In August 2016, media reports based on briefings by Western intelligence agencies suggested that ISIL had a multilevel secret service known in Arabic as Emni, established in 2014, that has become a combination of an internal police force and an external operations directorate complete with regional branches. The unit was believed to be under the overall command of ISIL's most senior Syrian operative, spokesman and propaganda chief Abu Mohammad al-Adnani until his death by airstrike in late August 2016.
On March 22, 2019, Mueller concluded his investigation and gave his report to Attorney General William Barr. On March 24, Barr sent a four-page letter to Congress summarizing the "principal conclusions" in the report. He quoted Mueller as stating "while this report does not conclude that the President committed a crime, it also does not exonerate him." Barr further wrote that he and Rosenstein did not see sufficient evidence to prove obstruction of justice. Trump interpreted Mueller's report as a "complete exoneration", a phrase he repeated multiple times in the ensuing weeks. Mueller privately complained to Barr on March 27 that his summary did not accurately reflect what the report said, and some legal analysts called the Barr letter misleading.More Info
In March 2019, the House Judiciary Committee launched a broad investigation of Trump for possible obstruction of justice, corruption, and abuse of power. Committee chairman Jerrold Nadler sent letters demanding documents to 81 individuals and organizations associated with Trump's presidency, business, and private life, saying it is "very clear that the president obstructed justice". Three other committee chairmen wrote the White House and State Department requesting details of Trump's communications with Putin, including any efforts to conceal the content of those communications. The White House refused to comply, asserting that presidential communications with foreign leaders are protected and confidential.More Info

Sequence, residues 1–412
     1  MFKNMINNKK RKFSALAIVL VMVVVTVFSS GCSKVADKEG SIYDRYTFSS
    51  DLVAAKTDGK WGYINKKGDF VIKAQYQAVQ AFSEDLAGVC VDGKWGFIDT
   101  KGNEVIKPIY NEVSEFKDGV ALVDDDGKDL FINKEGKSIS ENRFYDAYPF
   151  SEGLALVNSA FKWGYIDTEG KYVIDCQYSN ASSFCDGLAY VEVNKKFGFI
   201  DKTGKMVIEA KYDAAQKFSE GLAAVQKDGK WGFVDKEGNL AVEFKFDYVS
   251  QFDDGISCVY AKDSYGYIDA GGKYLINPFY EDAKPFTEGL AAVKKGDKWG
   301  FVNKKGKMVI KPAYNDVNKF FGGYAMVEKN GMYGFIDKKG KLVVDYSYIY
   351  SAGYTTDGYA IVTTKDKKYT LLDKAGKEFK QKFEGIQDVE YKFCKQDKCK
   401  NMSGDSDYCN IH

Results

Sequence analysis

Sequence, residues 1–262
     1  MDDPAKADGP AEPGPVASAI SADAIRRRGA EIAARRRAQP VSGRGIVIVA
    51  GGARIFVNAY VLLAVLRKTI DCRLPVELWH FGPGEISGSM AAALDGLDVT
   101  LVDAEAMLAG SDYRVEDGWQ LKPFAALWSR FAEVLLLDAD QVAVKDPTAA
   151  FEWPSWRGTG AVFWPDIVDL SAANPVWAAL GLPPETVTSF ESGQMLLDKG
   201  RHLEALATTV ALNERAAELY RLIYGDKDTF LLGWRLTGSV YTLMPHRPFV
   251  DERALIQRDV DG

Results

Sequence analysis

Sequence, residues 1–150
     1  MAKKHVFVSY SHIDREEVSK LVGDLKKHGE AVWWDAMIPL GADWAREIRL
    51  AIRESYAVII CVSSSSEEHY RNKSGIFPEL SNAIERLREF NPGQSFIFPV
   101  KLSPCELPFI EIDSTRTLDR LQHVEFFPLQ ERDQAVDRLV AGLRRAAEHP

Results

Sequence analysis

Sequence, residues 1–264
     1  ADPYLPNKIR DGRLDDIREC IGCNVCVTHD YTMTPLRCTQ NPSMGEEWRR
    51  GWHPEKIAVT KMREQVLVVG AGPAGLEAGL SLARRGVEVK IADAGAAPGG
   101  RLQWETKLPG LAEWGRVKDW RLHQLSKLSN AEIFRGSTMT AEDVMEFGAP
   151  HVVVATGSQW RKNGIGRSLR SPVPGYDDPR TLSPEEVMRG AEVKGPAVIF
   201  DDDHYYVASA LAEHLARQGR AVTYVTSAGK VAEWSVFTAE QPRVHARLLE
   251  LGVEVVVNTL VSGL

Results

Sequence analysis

ISIL originated as Jama'at al-Tawhid wal-Jihad in 1999, which pledged allegiance to al-Qaeda and participated in the Iraqi insurgency following the 2003 invasion of Iraq by Western forces at the behest of the United States. In June 2014, the group proclaimed itself a worldwide caliphate and began referring to itself as the Islamic State (الدولة الإسلامية ad-Dawlah al-Islāmiyah; IS). As a caliphate, it claimed religious, political, and military authority over all Muslims worldwide. Its adoption of the name Islamic State and its idea of a caliphate have been criticised, with the United Nations, various governments, and mainstream Muslim groups vehemently rejecting its statehood.More Info
Before and throughout his presidency, Trump has promoted numerous conspiracy theories, including the Barack Obama "birther" theory, the Clinton body count theory, conspiracy theories related to the Trump–Ukraine scandal and QAnon. A July 2020 video asserting conspiracy theories about coronavirus by Stella Immanuel, a Texas physician, was retweeted by Trump before it was removed from Facebook, Twitter, and YouTube because it violated their rules on misinformation. At a press conference on July 28 he was asked why he would trust Immanuel, considering the context of her claims about "alien DNA" and its supposed use in medicine. Trump defended Immanuel saying, "I thought she was very impressive, in the sense that, from where she came – I don't know what country she comes from – but she said that she's had tremendous success with hundreds of different patients. I thought her voice was an important voice, but I know nothing about her." When pressed further about the conflict with existing official medical information about the virus, Trump ended the briefing abruptly.More Info
Trump launched his political career in 2011 as a leading proponent of "birther" conspiracy theories alleging that Barack Obama, the first black U.S. president, was not born in the United States. In April 2011, Trump claimed credit for pressuring the White House to publish the "long-form" birth certificate, which he considered fraudulent, and later saying this made him "very popular". In September 2016, amid pressure, he acknowledged that Obama was born in the U.S. and falsely claimed the rumors had been started by Hillary Clinton during her 2008 presidential campaign. In 2017, he reportedly still expressed birther views in private.More Info
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